• PB Gathering in the City I’m off to London in an hour or so for the PB gathering in the City of London organised by Fat Steve. We are simply getting together in a pub near Liverpool Street station where an area is being made available for us. If this works then such informal events can be replicated elsewhere.
  • Mike Smithson



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    What are these doing to the seat calculators?

    Thursday, November 26th, 2009

    Could their rise be disguising the scale of the swing?

    The big trend from almost all the polls in recent weeks week has been the increase in the share for “others” – UKIP, the Greens, the BNP and SNP/PC in Scotland and Wales. In some surveys they are now more than double the 8.2% that they got between them at the 2005 general election

    A question for anybody wanting to bet on and/or predict the outcome is whether these historically high levels might be distorting the standard seat calculators that we use to project how many MPs the parties will end up getting?

    With the exception of perhaps just one or two seats the impact of this dynamic in a first past the post system is to reduce the aggregate shares going to the main parties and it is on that last group of numbers that we seek to project seat numbers

    Taking England alone it might be an idea for projection purposes only to regard the UKIP/GREEN/BNP effect as being broadly neutral in terms of impact on the main parties and do some rule-of-thumb calculations from there. So you would assume a 2005 level for others and try to extrapolate.

    You could see a formula evolving where you take the difference between a current survey’s total for others and the 8.1% of 2005 and divide that between Labour, the Tories and the Lib Dems in the same proportions as the headline figures in the poll.

    Thus the most recent ComRes poll had C39-L25-LD17 – an “other” aggregate of 19 points or 11 up from 2005. You would then apportion that figure, for seat projection purposes only, in accordance with the three party split.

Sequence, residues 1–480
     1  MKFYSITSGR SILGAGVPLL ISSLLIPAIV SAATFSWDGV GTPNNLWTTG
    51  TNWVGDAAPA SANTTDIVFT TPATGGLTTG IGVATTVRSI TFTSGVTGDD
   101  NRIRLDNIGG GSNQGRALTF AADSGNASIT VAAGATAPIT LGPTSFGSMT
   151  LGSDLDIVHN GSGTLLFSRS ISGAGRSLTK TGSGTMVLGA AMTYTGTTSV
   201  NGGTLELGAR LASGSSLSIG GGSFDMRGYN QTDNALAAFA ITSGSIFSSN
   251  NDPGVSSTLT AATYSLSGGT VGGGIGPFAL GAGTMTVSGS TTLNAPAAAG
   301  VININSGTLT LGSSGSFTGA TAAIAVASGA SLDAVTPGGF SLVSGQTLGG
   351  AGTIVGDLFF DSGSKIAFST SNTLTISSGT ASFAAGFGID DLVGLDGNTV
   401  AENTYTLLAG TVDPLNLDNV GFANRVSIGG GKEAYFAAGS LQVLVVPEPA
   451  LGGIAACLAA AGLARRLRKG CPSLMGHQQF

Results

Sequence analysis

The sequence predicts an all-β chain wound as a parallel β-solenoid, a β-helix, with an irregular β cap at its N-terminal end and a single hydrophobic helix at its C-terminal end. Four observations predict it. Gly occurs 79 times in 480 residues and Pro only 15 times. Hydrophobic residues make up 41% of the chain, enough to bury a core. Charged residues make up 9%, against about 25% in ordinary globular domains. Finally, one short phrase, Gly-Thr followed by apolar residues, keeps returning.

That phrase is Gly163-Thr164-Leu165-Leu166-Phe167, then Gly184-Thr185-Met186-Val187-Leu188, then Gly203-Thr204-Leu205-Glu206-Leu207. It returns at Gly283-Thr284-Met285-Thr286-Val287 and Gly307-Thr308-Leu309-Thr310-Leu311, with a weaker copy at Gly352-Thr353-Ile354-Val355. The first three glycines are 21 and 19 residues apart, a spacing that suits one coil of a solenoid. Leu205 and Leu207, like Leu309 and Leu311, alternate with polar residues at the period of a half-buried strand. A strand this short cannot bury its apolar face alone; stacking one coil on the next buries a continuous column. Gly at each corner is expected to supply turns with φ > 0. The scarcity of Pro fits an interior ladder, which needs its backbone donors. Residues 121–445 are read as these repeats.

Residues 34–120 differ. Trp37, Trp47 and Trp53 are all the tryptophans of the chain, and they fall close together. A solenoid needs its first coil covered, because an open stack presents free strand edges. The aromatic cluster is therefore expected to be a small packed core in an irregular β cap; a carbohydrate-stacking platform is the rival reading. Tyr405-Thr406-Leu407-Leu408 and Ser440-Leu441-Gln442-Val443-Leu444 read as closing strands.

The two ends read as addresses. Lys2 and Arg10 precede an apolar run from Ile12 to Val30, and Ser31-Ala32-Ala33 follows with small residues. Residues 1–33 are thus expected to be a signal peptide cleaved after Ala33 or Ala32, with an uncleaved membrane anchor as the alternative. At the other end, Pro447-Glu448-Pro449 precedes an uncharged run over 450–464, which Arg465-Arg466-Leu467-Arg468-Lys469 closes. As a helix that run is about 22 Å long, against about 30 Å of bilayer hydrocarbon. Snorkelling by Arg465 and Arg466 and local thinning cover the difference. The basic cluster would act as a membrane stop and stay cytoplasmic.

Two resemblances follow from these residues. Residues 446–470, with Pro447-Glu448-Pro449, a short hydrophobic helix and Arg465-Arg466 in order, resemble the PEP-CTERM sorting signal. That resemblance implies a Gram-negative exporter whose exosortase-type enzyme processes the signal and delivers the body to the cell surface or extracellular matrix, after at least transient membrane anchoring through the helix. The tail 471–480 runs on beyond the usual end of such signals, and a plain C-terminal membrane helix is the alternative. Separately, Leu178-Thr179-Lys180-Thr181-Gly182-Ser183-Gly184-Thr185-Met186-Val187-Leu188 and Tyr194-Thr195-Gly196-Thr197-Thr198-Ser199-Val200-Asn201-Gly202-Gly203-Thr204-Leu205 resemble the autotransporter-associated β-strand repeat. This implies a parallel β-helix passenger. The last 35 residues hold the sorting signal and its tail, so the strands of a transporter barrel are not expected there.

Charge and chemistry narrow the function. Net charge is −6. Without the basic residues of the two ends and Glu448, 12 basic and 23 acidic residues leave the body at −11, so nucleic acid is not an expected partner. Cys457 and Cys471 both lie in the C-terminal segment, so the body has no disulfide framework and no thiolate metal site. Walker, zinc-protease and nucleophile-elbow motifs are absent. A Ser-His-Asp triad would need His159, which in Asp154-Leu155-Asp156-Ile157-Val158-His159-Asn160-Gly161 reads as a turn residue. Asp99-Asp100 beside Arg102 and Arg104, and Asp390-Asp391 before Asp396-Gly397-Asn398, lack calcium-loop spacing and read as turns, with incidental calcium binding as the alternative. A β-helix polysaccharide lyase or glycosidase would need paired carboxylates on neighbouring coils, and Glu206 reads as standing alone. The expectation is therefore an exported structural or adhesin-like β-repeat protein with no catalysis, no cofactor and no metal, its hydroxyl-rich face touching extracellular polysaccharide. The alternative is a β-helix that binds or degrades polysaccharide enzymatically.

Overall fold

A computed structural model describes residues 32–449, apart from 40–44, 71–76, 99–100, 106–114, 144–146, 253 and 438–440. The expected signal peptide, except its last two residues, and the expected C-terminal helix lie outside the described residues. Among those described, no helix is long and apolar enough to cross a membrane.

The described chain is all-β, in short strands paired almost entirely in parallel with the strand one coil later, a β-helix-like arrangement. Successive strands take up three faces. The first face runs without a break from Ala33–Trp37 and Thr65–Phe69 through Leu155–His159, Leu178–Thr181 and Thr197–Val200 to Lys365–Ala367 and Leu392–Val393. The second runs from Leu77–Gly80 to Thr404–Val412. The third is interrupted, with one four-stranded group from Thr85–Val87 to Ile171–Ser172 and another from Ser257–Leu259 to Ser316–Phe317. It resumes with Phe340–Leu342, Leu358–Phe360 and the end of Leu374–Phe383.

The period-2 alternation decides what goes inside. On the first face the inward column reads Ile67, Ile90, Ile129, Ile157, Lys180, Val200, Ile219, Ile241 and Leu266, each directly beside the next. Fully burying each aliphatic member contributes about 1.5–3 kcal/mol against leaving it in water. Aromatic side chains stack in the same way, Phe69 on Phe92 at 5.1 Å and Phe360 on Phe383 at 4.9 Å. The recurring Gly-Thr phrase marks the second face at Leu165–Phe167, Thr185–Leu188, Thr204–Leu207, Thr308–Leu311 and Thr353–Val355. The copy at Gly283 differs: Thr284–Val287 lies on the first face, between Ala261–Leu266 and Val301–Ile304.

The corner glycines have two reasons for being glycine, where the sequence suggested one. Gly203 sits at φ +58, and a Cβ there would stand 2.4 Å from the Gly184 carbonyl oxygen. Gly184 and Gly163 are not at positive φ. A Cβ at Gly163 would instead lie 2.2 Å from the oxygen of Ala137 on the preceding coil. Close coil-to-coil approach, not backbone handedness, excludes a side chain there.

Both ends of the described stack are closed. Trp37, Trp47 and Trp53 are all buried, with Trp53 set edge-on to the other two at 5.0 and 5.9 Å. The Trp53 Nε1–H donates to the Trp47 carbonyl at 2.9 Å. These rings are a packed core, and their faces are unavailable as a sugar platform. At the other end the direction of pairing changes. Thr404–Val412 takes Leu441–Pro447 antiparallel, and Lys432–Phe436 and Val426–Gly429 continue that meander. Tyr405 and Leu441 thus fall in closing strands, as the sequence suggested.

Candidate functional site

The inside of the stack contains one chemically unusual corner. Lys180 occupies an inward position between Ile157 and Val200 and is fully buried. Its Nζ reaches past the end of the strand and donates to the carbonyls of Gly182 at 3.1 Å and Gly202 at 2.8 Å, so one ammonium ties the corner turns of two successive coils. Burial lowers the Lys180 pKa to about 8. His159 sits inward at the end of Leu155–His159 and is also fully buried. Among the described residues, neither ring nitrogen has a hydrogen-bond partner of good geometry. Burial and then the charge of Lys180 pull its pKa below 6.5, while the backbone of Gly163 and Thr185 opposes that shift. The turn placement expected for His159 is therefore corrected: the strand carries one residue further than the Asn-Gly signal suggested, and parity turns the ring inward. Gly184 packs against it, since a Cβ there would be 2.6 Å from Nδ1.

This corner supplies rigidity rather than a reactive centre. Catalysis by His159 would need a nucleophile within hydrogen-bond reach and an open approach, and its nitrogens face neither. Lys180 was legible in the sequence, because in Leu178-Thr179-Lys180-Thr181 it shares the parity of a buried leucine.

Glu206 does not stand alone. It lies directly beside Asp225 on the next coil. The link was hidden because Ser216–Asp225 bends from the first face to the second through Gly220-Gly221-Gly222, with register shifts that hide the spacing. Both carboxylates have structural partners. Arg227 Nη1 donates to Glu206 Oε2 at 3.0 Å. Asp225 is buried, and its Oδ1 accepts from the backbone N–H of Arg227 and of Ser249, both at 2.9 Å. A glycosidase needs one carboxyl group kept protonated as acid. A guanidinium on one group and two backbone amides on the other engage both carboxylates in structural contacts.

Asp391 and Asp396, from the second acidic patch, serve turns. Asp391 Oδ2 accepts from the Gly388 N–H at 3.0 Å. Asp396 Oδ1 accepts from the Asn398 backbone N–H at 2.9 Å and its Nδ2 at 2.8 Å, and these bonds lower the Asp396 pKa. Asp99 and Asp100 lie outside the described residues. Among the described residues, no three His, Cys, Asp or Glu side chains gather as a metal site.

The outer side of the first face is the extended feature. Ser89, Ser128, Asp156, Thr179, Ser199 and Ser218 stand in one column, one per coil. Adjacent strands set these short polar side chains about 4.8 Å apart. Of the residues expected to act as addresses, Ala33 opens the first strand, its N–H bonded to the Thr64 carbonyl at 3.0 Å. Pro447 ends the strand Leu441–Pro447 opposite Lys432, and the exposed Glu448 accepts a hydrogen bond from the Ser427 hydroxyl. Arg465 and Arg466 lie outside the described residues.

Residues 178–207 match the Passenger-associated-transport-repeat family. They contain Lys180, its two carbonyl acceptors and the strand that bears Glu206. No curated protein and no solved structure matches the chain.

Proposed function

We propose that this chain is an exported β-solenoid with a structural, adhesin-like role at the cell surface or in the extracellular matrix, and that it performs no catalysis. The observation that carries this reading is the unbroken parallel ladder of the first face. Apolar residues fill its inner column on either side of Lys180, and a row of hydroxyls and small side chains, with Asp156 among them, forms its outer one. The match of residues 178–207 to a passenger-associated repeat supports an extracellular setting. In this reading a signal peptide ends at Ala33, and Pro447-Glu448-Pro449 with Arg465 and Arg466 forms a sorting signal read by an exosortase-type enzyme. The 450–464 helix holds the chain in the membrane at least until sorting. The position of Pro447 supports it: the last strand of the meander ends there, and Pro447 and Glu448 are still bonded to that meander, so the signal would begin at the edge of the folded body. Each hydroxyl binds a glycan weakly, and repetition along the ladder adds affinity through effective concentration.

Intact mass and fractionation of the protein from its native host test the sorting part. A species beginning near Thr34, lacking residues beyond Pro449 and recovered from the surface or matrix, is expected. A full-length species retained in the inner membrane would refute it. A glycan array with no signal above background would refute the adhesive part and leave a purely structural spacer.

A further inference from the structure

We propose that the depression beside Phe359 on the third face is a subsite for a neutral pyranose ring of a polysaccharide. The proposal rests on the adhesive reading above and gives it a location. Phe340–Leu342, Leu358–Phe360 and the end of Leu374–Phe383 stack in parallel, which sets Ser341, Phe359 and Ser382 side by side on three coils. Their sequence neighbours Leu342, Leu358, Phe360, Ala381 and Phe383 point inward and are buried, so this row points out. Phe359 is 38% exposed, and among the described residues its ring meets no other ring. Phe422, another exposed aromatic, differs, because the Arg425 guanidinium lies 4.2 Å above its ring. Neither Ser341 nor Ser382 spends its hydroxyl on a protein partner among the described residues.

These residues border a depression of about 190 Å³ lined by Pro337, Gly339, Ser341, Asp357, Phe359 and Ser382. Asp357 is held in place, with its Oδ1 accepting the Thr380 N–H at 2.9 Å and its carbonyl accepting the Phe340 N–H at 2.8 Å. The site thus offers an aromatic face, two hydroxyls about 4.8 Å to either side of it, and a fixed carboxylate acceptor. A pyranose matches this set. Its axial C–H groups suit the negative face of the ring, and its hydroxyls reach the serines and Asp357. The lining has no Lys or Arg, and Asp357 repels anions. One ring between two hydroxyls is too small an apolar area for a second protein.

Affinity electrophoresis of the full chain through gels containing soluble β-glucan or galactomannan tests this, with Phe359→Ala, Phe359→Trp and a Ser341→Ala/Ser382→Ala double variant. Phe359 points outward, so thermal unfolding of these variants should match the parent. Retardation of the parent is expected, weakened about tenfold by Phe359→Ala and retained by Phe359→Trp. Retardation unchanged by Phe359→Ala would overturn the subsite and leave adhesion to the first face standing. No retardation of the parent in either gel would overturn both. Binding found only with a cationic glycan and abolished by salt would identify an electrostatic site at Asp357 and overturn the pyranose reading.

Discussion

On a simplistic projection using the Anthony Wells calculator that adds 14 seats to the Tory total. All of this is only a thought and I’m sure that I’m not the only one who has been giving it thought.

    The challenge of factoring in the others is another reason why I’m increasingly more sceptical of the much repeated mantra that the “Tories need a 10% margin for a majority” argument. I think that the bar is probably a couple of notches lower.

    Mike Smithson



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    The “Super Six Predictions” part 3

    Wednesday, November 25th, 2009

    This is the third and final part of the general election constituency bets by half a dozen regulars who call themselves, with appropriate modesty, The PB Super Six.

    Thanks to Peter the Punter and ScottP for getting this together.

    The one I like is Norwich South where the incumbent is Charles Clarke – the former home secretary and long-standing Gordon Brown critic. Look how we have four separate views of the outcome.

    This is the Norwich South 2005 notional result from the Rallings and Thrasher “official list” – Lab 15,275 (37.40%); LD 12,252 (30.00%); C 8,917 (21.83%); Green 3,032 (7.42%); Others 770 (1.89%); UKIP 596 (1.46%)

    There’s also Aberdeen South where there are bets on three parties. There are no boundary changes in Scotland and this was the 2005 result. Begg (Lab) 15,272 (36.69%); Harris (LD) 13,924 (33.45%); Whyte (C) 7,134 (17.14%); Watt (SNP) 4,120 (9.90%); Reekie (Green) 768 (1.85%); Munro (SSP) 403 (0.97%).

    Mike Smithson